Stare Decisis. We all saw it coming, but like the horrified masses that can perceive intellectually the explosion that follows the release of a rocket, we are nonetheless shocked and amazed—or alternatively, blown to pieces—when the rocket does, in fact, explode. And with June Medical Services LLC v. Russo having its decision read today, the ‘blown to pieces’ bit is far more a literal reality for some than it is for others.
Does it matter that Justice Roberts quotes as precedent a ruling he openly disagreed with at the time in order to knock down Louisiana’s latest pro-life bill? Does it matter that he makes an appeal to Burke, quoting Burke’s attempt to ground reasoned jurisprudence within the law of the ages?—an appeal simultaneously to the natural order of things as well as the traditional mores and laws of a given society? Does it matter that all of this is such openly hollow posturing, since there is no way to argue that abortion—that murderous procedure which was given legal acknowledgment only forty years ago—merits serious consideration as being ingrained into the laws of ages?
Does it matter that Casey’s decision admitted that Roe really didn’t have to do with the Constitution, and that abortion had to be defended on the grounds that no government apparatus has the power to enforce reality? Does it matter this is the first time since Casey that there was a case that could directly challenge Roe, and that the Court had an opportunity to put a stop to the conveyor belt dumping hundreds of thousands of dead children into trashcans, dumpsters, and medical waste bins every single year? Does it matter that the previous so-called victories for the pro-life camp, at the Court level, were bans on rare procedures that the opposition knew were, by and large, red herrings in the first place?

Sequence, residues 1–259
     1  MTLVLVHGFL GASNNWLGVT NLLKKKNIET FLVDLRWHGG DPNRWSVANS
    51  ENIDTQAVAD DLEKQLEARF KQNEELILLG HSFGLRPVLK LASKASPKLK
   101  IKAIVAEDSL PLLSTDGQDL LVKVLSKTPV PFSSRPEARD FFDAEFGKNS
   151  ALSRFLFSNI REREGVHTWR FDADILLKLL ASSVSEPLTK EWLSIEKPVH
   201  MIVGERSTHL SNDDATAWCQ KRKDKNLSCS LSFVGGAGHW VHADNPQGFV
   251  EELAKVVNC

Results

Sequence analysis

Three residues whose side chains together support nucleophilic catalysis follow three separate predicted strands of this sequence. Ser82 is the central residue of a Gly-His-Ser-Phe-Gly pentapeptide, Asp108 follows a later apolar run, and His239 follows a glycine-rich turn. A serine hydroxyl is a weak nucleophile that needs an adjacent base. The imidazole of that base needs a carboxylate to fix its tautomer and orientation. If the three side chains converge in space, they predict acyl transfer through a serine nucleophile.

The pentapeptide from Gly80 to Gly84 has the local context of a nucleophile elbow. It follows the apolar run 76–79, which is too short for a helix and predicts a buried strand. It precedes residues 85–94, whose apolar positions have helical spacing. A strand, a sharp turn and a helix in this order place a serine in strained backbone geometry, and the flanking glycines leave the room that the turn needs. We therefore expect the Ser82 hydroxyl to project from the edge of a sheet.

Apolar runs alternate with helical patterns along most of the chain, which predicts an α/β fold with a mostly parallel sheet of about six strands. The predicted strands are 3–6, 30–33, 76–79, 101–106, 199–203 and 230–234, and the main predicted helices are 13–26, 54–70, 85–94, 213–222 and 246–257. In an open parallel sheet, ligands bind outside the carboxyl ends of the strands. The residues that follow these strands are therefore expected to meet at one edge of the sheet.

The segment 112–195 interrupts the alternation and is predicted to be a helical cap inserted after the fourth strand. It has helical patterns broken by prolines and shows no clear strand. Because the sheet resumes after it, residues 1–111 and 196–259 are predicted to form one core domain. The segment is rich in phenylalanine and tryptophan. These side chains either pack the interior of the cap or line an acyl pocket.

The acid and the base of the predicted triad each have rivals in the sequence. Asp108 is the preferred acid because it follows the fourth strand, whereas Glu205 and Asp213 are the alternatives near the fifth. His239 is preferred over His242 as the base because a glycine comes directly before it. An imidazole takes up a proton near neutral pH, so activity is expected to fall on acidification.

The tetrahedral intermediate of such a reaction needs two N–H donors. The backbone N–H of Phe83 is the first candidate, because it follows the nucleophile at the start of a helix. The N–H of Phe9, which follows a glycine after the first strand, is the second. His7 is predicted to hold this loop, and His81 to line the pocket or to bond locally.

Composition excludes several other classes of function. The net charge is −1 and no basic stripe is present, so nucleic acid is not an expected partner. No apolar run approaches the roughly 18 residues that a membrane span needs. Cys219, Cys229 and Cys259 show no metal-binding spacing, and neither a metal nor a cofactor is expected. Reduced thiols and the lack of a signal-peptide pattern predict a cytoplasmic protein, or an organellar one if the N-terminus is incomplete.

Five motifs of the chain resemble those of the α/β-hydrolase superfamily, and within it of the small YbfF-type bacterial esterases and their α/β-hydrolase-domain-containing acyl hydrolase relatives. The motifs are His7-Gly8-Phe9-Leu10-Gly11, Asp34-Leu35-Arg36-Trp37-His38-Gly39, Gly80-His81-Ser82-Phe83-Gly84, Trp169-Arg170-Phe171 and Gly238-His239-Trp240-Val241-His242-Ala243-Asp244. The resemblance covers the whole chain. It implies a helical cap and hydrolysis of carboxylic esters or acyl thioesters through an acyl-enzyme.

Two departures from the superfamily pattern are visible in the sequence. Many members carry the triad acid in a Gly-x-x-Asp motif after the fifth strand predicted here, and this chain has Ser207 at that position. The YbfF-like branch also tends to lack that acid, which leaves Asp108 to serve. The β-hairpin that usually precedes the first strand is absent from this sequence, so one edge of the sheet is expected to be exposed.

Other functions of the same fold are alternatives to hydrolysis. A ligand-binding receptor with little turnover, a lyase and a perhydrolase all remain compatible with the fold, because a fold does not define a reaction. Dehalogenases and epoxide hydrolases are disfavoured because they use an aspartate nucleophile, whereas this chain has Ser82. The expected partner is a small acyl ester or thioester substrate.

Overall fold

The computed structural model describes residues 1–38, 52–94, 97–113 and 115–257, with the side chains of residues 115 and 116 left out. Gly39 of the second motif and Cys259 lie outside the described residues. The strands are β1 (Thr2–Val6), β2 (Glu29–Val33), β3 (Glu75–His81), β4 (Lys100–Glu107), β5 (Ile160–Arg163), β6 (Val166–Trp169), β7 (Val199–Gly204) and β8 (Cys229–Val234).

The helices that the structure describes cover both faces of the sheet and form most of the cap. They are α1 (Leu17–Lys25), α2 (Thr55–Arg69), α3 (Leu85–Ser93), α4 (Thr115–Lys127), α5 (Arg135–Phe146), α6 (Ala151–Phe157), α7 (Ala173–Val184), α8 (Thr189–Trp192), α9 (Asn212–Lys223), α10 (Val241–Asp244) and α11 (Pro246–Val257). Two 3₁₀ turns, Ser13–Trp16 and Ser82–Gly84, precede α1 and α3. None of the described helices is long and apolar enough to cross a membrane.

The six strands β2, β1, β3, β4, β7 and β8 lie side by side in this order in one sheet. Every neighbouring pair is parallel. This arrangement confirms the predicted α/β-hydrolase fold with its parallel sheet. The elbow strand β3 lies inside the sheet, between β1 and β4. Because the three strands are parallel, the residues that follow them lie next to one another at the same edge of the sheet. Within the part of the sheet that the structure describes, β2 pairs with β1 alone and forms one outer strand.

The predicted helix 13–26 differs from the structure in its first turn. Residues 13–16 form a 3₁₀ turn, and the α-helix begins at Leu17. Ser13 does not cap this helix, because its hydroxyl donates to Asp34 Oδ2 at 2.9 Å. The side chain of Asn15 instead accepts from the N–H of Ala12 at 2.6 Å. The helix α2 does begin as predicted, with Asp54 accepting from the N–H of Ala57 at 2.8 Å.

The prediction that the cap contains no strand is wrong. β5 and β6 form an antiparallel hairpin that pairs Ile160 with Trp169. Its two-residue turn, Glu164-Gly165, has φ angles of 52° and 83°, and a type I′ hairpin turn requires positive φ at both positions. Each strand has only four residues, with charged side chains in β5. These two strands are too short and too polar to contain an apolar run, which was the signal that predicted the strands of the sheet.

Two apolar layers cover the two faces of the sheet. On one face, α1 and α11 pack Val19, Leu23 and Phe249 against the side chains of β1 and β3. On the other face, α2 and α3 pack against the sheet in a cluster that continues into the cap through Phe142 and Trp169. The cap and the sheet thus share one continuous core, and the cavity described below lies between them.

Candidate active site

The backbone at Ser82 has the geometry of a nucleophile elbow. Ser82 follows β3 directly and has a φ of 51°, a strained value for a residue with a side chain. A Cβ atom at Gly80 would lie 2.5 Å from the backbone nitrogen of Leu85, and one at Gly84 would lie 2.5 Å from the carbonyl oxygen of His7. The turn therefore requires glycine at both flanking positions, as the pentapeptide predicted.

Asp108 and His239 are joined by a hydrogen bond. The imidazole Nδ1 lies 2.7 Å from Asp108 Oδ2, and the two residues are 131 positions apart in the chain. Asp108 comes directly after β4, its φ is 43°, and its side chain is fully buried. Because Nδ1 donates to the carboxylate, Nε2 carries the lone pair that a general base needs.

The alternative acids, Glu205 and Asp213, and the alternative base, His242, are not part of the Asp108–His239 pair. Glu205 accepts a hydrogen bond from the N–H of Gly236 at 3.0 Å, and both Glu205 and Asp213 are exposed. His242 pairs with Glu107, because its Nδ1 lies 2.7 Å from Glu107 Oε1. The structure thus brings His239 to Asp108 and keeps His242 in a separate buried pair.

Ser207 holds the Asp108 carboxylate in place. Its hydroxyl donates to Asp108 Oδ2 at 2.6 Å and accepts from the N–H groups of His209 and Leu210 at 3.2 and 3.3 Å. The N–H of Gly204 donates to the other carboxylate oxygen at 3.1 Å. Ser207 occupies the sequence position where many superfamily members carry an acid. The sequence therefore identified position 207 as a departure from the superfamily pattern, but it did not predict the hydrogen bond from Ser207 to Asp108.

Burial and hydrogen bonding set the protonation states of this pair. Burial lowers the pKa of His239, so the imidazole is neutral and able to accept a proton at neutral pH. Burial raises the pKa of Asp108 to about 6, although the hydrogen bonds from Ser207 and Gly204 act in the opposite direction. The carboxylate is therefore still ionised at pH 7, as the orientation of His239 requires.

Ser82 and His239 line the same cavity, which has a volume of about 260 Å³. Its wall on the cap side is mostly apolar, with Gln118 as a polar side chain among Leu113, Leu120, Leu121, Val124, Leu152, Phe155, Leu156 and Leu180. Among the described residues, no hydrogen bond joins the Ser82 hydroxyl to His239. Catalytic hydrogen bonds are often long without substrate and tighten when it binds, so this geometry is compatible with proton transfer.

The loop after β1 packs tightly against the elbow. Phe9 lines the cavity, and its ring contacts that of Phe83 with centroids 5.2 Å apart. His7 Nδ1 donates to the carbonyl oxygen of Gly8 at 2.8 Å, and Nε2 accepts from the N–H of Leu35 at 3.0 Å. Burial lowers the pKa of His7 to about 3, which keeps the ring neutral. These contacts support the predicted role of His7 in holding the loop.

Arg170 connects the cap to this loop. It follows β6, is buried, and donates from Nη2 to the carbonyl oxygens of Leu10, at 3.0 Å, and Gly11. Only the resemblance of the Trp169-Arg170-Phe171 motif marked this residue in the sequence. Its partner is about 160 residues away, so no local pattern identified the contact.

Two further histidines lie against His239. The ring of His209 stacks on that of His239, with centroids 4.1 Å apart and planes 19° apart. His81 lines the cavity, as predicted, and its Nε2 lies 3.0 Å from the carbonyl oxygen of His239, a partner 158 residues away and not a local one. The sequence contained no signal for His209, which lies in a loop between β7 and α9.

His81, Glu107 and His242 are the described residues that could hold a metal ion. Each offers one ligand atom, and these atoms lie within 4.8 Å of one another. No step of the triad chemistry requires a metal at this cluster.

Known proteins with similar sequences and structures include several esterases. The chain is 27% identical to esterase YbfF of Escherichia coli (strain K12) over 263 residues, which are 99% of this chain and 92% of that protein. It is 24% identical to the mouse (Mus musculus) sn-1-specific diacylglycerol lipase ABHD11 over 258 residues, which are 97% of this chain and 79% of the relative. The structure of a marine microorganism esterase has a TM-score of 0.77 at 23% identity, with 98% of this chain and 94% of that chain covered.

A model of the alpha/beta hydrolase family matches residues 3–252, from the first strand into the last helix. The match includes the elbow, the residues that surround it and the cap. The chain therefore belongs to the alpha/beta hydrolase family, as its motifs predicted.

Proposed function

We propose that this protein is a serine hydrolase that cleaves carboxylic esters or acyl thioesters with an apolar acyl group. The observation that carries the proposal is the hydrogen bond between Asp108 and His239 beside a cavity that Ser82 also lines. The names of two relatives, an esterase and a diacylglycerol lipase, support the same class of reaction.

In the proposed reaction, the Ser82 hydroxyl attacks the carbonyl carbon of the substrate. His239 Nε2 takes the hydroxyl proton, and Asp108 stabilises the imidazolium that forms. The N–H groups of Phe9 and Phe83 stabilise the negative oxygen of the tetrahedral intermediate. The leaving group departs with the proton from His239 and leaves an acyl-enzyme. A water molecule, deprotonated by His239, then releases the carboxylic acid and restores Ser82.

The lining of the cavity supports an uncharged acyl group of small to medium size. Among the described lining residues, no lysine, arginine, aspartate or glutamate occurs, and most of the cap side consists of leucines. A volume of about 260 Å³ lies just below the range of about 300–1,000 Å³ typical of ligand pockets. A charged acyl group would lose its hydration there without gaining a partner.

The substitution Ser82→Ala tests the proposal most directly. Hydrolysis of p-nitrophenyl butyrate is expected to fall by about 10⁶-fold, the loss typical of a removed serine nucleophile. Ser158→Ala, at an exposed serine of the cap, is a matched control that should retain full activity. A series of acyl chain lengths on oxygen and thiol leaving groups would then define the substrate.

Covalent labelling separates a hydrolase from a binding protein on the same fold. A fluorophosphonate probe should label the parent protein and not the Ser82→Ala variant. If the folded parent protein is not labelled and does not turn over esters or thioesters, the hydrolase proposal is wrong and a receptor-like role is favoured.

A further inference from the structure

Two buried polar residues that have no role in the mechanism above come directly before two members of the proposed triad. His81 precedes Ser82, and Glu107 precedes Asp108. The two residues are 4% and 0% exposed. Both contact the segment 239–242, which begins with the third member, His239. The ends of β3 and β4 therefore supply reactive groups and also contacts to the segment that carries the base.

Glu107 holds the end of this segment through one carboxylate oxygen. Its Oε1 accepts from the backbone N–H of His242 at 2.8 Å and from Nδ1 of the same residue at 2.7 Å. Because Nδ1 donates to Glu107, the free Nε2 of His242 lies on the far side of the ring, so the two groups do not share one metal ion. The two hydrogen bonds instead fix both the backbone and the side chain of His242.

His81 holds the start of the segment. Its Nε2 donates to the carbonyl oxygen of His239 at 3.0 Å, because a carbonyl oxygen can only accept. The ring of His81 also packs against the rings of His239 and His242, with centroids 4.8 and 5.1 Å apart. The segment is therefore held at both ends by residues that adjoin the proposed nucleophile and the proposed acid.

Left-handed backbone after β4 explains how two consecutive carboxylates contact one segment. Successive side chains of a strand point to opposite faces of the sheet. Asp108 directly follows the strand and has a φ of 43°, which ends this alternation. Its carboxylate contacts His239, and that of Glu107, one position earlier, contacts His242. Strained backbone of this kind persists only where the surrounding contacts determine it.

Does it matter that the pro-life movement has been played yet again? Does it matter that the Justices have no accountability? Does it matter that an issue as serious as the state sanctioning of child murder has been so politicized and internalized as to be presented as a point of debate, and that this has been normal for almost two generations?
Does it matter that the Justices can’t even seem to be bothered to try writing coherent, consistent, intellectually honest opinions in their agreements or dissents? Does it matter that the only point of a conservative on the bench is to pen brave-sounding denouncements of their fellow adjudicators? Does it matter that we’re just supposed to believe like this is a reasonable and totally organic development?
Does it matter that there is no recourse for any of this? Does it matter that this ruling tells us all we need to know about what happens if—if—we see states attempt to outlaw the practice entirely, and the inevitable lawsuits make their way before this same bench?
Does it matter that this invalidates any reason to believe conservative think tanks who put together their little lists of judicial recommendations for Supreme Court nominees? Does it matter that this again is enough to make any reasonable republican voter sit there and ask himself why the hell he should bother voting again, since the last string of GOP presidents have put people like Roberts, Kennedy, and Gorsuch on the bench?
Oh, I’m sorry. What was I talking about? I didn’t get my coffee today, that must be it. Abortion? Before the bench? Of course it would fail. No big deal champ, another day comes again. Wait another thirty years; try again before another bench. No big deal, champ. If you’re a pro-lifer, this ain’t your first rodeo!
No big deal, champ. The 862,320 dead kids in 2017 were par for the course. Slow and steady, champ. The rate’s going down, you see. It was 926,190 three years before that.
Slow and steady.